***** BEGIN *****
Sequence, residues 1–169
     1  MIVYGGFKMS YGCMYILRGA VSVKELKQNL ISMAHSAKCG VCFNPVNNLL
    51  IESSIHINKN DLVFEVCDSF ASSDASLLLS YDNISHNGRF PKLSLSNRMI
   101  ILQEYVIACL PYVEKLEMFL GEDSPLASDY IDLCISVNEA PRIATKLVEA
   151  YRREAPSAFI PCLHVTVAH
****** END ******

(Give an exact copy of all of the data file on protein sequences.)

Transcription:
Sequence, residues 1–169
     1  MIVYGGFKMS YGCMYILRGA VSVKELKQNL ISMAHSAKCG VCFNPVNNLL
    51  IESSIHINKN DLVFEVCDSF ASSDASLLLS YDNISHNGRF PKLSLSNRMI
   101  ILQEYVIACL PYVEKLEMFL GEDSPLASDY IDLCISVNEA PRIATKLVEA
   151  YRREAPSAFI PCLHVTVAH